This is a developing story... Check back for possible updates.
The final results of the Democratic Party caucus in Iowa held Monday night... are not yet available.
As the clock edged past 10:30pm local time, Democratic candidates—including Amy Klobuchar, Joe Biden, Elizabeth Warren, and Bernie Sanders—began to take to the podium to address supporters at their respective headquarters. Pete Buttigieg, Andrew Yang, and other candidates were expected to do the same. With no results, no candidate was able to either concede defeat or declare victory.
In a statement, Mandy McClure, communications director of the Iowa Democratic Party, said, "We found inconsistencies in the reporting of three sets of results. In addition to the tech systems being used to tabulate results, we are also using photos of results and a paper trail to validate that all results match and ensure that we have confidence and accuracy in the numbers we report."
McClure continued by saying, "This is simply a reporting issue. The app did not go down and this is not a hack or an intrusion. The underlying data and paper trail is sound and will simply take time to further report the results."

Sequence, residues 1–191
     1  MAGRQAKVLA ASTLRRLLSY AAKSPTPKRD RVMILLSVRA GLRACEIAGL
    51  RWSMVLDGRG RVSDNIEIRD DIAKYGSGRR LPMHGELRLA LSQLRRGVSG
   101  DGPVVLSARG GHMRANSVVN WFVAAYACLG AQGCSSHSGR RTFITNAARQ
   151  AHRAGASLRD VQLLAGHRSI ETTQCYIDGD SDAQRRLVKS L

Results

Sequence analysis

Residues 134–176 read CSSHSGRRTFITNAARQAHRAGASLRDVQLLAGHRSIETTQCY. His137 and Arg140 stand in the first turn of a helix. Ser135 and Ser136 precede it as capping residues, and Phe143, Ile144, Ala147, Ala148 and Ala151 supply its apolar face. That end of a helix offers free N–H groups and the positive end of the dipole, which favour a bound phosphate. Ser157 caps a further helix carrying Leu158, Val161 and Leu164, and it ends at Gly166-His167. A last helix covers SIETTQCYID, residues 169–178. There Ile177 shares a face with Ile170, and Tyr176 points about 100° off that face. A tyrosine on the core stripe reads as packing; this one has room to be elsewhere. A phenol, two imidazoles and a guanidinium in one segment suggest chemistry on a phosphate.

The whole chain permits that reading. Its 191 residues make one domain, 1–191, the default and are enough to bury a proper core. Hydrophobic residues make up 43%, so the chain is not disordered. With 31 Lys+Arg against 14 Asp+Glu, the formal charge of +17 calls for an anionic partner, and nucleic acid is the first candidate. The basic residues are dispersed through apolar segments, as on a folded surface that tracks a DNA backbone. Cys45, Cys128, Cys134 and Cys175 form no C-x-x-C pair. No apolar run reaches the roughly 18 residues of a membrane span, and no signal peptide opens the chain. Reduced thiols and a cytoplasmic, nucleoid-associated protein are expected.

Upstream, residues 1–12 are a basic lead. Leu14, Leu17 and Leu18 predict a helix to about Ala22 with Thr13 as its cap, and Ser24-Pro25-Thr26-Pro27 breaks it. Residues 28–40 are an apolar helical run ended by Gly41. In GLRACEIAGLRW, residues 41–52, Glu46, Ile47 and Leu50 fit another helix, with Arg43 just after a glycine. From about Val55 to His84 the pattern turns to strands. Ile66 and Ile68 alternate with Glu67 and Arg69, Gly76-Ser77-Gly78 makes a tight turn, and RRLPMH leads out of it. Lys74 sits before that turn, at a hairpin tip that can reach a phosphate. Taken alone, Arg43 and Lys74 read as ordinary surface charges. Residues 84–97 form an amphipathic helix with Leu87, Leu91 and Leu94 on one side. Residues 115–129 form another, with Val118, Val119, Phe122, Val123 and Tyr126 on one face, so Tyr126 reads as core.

Turnout for the day, according to an earlier statement from the Iowa Democratic Party, was on par with 2016 but technical issues caused problems in terms of getting the results in a timely and efficient manner. According to the Des Moines Register:
Campaigns workers for Democrats reported significant glitches with the new reporting app they were supposed to use to report caucus results Monday night.
[McClure...] acknowledged delays, saying they were due to quality checks and the fact the party was reporting three sets of data for the first time.
"The integrity of the results is paramount," McClure said at around 9:30 p.m. "What we know right now is that around 25 percent of precincts have reported, and early data indicates turnout is on pace for 2016."
While national media outlets and cable channels appeared perplexed by the delay in reporting of the final results, CNN quoted an Iowa state official who said the reason was because of efforts to assure "quality control."
At this point on caucus night four years ago, returns were in from 85% of Iowa precincts. (We currently have final alignment results from ~2% of precincts, and delegate equivalent results from none.) https://t.co/Wmc2v8kxmw
— Gabe Fleisher (@WakeUp2Politics) February 4, 2020
MSNBC's Steve Kornacki admitted his team was "baffled" by the delay of the results and said it was "highly unusual."
— People for Bernie (@People4Bernie) February 4, 2020
According to the CNN correspondent David Chalian, "They're trying to make certain that what they report out as official results is accurate."
With party officials and individual precinct captains relying on using a new app to report results, it was reported by Bloomberg News earlier in the day that some precinct chairs were having trouble with the new technology.